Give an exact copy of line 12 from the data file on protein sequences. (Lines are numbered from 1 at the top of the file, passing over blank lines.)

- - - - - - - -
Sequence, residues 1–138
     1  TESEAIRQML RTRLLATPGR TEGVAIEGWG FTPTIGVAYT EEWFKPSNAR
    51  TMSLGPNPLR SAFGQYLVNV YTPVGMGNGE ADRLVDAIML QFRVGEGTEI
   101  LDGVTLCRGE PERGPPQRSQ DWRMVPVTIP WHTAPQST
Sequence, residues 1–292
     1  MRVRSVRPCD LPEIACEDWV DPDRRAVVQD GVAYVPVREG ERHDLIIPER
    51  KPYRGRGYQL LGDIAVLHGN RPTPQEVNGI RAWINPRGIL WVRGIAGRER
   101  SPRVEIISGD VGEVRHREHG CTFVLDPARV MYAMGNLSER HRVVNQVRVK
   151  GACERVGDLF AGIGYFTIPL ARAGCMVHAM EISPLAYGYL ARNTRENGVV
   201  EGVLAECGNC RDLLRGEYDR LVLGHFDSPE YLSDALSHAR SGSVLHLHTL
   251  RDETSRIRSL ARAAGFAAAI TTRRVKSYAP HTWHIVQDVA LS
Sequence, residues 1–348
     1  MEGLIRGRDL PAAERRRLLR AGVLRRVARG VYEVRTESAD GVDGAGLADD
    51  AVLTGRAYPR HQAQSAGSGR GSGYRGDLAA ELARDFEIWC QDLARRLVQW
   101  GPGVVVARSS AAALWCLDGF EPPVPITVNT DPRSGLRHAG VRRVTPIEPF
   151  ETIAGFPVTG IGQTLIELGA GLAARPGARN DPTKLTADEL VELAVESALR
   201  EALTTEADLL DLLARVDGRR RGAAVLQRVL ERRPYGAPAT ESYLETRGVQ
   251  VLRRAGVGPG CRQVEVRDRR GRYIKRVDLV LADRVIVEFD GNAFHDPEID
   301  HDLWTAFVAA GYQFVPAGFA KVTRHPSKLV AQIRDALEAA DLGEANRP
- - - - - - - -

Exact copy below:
Sequence, residues 1–348